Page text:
The most important in this week’s headlines out of and concerning Africa, for those who need help catching up.
The week bring news about a live-tweet that made news around the world, a travel website that is expanding into markets in Africa, another menace from the Boko Haram and a crack down on slave owners in Mauritania.
1. Nigerian Hospital Live Tweets Surgery
Doctors at the Abuja National Hospital in Nigeria live-tweeted the open-heart surgery of an eight-year-old girl. The girl had been born with a hole in her heart, which the doctors repaired during the three-hour surgery.
A spokesperson for the hospital, Dr Tayo Haastrup, told CNN that the reason for the live updates was to show that doctors in hospitals in Africa are more than capable of performing such life-saving procedures. There are many people in Africa who are in need for open-heart and other important surgeries, and Haastrup wants them to know that these operations are available to them.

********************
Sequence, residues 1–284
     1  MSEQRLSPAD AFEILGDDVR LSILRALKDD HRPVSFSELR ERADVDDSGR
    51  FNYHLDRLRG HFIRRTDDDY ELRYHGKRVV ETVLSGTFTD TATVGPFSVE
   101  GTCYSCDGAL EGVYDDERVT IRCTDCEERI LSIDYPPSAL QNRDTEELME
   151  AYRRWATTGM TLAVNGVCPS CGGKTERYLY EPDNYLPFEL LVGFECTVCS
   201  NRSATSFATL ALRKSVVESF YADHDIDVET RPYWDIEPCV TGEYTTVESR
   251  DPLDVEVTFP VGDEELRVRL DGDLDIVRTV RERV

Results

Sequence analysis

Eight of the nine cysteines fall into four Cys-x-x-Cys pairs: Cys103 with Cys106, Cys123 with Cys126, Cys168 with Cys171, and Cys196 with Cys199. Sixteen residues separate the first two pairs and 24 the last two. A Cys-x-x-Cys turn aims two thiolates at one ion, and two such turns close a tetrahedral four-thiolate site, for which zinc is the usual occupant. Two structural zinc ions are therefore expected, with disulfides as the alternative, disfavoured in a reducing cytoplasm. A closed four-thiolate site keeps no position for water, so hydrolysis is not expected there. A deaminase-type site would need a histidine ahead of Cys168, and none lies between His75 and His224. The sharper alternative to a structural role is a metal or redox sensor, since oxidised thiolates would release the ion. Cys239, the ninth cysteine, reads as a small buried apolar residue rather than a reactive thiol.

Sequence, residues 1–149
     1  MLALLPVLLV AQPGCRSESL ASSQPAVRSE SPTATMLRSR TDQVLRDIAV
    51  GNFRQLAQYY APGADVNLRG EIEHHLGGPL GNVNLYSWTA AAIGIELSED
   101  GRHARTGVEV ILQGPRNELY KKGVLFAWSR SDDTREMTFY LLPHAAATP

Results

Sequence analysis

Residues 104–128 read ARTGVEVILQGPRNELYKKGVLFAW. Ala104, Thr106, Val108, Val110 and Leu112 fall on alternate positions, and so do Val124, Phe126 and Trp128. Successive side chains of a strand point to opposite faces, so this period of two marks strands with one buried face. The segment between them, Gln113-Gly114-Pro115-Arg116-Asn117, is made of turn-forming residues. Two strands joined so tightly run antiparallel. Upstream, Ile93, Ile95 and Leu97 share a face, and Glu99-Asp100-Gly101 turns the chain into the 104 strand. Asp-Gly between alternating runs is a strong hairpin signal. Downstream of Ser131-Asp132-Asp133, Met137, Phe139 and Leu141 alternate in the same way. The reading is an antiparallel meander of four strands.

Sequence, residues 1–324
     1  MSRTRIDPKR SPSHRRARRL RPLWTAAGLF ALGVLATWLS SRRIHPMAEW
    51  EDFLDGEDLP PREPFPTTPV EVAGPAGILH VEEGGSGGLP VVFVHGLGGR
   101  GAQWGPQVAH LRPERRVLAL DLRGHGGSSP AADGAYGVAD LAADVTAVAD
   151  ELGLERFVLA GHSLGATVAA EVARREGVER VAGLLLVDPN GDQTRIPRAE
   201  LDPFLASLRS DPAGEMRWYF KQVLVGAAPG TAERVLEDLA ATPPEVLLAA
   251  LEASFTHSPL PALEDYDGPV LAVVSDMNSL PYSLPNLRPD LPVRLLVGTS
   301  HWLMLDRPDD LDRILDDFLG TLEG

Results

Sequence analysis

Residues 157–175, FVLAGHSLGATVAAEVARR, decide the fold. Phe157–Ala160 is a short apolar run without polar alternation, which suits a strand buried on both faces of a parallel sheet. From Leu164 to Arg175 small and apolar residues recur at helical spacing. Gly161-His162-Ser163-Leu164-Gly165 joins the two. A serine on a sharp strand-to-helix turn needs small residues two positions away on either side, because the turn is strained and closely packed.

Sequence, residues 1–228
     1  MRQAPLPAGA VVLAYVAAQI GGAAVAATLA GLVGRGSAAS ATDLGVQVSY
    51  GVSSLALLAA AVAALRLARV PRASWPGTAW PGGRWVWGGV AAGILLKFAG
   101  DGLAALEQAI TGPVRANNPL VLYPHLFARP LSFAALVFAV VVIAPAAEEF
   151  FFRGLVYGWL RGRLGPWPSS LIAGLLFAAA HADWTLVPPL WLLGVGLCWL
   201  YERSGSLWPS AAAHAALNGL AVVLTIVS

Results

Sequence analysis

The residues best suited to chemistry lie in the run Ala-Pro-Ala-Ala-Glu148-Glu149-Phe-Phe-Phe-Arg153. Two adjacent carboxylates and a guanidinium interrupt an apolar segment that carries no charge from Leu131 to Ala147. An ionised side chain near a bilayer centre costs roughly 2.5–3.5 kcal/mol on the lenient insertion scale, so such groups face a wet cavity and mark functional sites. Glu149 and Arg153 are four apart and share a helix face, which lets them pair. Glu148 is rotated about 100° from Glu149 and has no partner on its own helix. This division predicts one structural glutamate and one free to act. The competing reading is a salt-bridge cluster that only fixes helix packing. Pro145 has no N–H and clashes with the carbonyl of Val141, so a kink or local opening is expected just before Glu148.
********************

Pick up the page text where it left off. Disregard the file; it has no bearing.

Currently, Airbnb’s business is thriving: in the past year, the number of users in Africa has increased by 145%. The company plans to continue the trend, particularly in hot-spots such as Kenya and South Africa. They acknowledge that it may not be easy due to the diversity of the African continent and the differing rules and regulations from country to country. However, they see great opportunity in the continent, not just for their business but for travelers and local economies as well.
3. 47 Killed in Nigerian Explosion
47 people were killed and at least 60 others injured during an explosion at a market in Sabon Gari, Nigeria. The explosion is believed to have been a terrorist attack, and Boko Haram is suspected to be responsible, though so far neither they or anyone else has come forward. Boko Haram has recently been active in the area, carrying out ambushes in and around Sabon Gari and other nearby towns and cities.
4. Mauritania Crack Down on Slavery
Although Mauritania abolished slavery in 1981, it remains in practice. This week, Mauritania passed a new law that expands what the country legally considers to be slavery and doubles the prison term for people found guilty of owning slaves. Under the expanded definition, there are 10 new crimes that are considered to be slavery, including forced marriage. The new law also provides legal help and advice for victims, allowing them to seek persecution of their captors and compensation for their mistreatment. The law will be difficult to enforce, but authorities and activists hope that it encourages victims to come forward and seek help.
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